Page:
The passing of a generous man
The final time I saw Bill Lesko was last fall. He and a couple of friends were separating honey from the combs on a rickety looking contraption.
Bill was supervising the work, holding court and having a grand time. I had popped in after having spent a typical hour or two on the Battenkill. Having never seen the process by which one makes honey I must say it was pretty fascinating.
But what I really remember most about that chance meeting was the glimmer in Bill's eyes. Though in his 80s and having struggled through a couple tough years Bill always had the twinkle of a 12-year-old kid ready to take on whatever adventure presented itself.
My relationship with Bill Lesko goes back to when I was just a kid out of college, getting to know the Battenkill. There is a particular pool where I had encountered my first serious Hendrickson hatch and from that time forward I always wanted to be there the first day I would fish the hatch. The problem was that there was this guy from New Jersey that always seemed to be there one step ahead of me! Just as I was getting familiar with the river this fellow from New Jersey had also just purchased what has come to be known as the Twin Rivers Farm. And, as it would turn out, this fellow would become a friendly acquaintance and eventually a friend over the years as we shared our experiences on and love for the Battenkill.
I found out very quickly that this Lesko fellow, far from being a competitor for "my" water was instead a magnanimous brother of the angle who more often than not ceded the water to me with a smile, saying that he had the water all week while on vacation. Occasionally we would fish the pool together but more often than not Bill would quietly head on up river while I tossed my flies in my favored lair.
And so this relationship went for a good number of years. Often I would see Bill and his lovely wife Joan driving along River Road. His license plate gave away his passion and a little bit of his background as well: DRYFLYMD.
As it turns out Bill was a very accomplished eye doctor down in New Jersey who happened to love fishing the dry fly.
For passionate anglers, one never really worries too much about what their friends do for a living. In our eyes we see each other as fisherman. But to Bill's circle of friends back home he was proudly referred to as "Doc."
I am sure he was proud of that but he never wore the air of self-importance.
Over the years our relationship grew from one of acquaintance to that of friends and as friends we often discussed the state of the Battenkill. When the river experienced a precipitous decline back in the 1990s Bill decided that it was time to do something other than complain, point fingers at the state authorities and take some positive action. When it was announced that a study of the Battenkill would be done Bill reached out to Ken Cox, the biologist at the time, and asked how he could be of help.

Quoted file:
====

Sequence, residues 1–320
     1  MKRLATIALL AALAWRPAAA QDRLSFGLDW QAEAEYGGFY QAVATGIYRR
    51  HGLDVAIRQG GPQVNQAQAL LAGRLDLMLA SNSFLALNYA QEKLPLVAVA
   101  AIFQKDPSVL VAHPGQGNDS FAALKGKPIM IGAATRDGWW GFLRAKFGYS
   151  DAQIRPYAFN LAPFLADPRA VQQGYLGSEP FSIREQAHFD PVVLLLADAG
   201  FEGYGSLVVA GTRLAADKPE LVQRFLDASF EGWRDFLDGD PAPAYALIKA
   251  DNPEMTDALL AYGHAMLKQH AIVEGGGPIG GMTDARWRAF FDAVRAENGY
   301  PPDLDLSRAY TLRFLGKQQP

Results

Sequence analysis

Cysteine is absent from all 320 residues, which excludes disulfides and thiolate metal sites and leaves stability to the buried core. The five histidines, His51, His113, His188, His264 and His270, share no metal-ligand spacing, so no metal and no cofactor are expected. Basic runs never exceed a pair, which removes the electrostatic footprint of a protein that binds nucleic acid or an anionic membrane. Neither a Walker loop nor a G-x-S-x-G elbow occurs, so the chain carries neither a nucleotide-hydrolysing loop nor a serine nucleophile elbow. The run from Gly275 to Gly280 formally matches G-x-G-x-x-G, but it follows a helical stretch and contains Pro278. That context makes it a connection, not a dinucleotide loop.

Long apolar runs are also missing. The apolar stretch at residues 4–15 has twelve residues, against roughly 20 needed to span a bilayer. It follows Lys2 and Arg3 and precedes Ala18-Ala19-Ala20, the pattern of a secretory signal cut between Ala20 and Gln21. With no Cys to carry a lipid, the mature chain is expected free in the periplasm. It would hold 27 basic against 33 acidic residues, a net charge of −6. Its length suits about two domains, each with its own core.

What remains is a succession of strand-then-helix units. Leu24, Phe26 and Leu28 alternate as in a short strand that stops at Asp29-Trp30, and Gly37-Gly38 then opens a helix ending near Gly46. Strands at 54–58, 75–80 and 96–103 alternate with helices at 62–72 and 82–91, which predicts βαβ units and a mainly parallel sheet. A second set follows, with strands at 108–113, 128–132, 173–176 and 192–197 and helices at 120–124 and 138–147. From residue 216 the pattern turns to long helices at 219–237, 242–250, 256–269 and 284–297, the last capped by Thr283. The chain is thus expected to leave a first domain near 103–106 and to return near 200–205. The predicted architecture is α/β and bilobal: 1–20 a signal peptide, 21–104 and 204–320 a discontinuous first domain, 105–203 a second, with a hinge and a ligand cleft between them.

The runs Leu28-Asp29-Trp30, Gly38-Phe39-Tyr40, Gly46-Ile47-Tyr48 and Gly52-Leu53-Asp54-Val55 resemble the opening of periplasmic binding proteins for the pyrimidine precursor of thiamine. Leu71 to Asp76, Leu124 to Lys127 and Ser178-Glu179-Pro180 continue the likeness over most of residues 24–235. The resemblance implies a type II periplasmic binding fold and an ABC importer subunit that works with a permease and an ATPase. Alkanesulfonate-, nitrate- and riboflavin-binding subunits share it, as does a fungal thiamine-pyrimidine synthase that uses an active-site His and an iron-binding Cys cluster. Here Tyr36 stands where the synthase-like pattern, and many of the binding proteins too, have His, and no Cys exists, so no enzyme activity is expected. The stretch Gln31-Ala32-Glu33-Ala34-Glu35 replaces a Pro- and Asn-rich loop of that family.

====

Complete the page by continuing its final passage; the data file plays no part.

Being a man of science, Bill certainly respected the thoughtful way that Cox led a number of studies and when the data pointed to a chronic lack of in stream habitat Bill didn't hesitate to offer his stretch of river as a place to test that theory out and thus was born the Twin Rivers project; a bold application of the learnings from the study that had been conducted on the river. What transpired over the next couple of years was an impressive project to add habitat to the river and to monitor the trout population from year to year (which continues to this day). Think for a moment what the reaction to opening up one's land to heavy equipment, material in the form of large rocks and boulders, trees with root wads in place and a small army of technicians moving about ones property for several weeks on the hope that this might work. I believe a lot of land owners would have declined out of hand. Not Bill. To this day there are folks that poke around his property on an annual basis.
While the story of this project is not yet complete the after effects of these initial successes had another outcome. Lots of anglers have visited "Lesko's Pool" knowing full well that there are a lot of trout in there to be caught. That meant and still means folks tramping along the river banks to get from one spot to another. Never once did Bill complain. In fact he had a long list of what I called "Friends of Bill" whom he told could drive right down to the river anytime. No questions asked. The only time he said no was when a local guide indicated that this would be a great classroom for his sports. Bill kindly said that the water was there for the pleasure of anglers and not a commercial enterprise to be horded for profit.
Since the initial project took place in the mid 2000s there have been numerous other land owners who have said yes to having work done on the river proximate to their property. This is a wonderful act of selflessness as well as community spirit and pride. As an angler and conservationist I smile every time I pass by one of these sites. Which leads me to a sad day this past March, the second to be specific, when Bill passed on with his wife and his loving children there to comfort him. For most of his friends he was a fine husband, father, doctor and member of his community in New Jersey. But for those who love Arlington, love the Battenkill, love conservation Bill was a warm and generous man who quietly and without fanfare offered up the opportunity to do right by the river. And with that simple act of generosity Bill Lesko has left behind a proud legacy that he would simply acknowledge by saying that fish are biting. With the sparkle of a kid in his eyes. Thanks Bill.
Doug Lyons is a long-time angler who splits his time between greater Boston and fishing, hiking and relaxing in Southwestern Vermont. Doug maintains a camp in Shushan, N.Y., along with his wife, Deanna and dog Maya.
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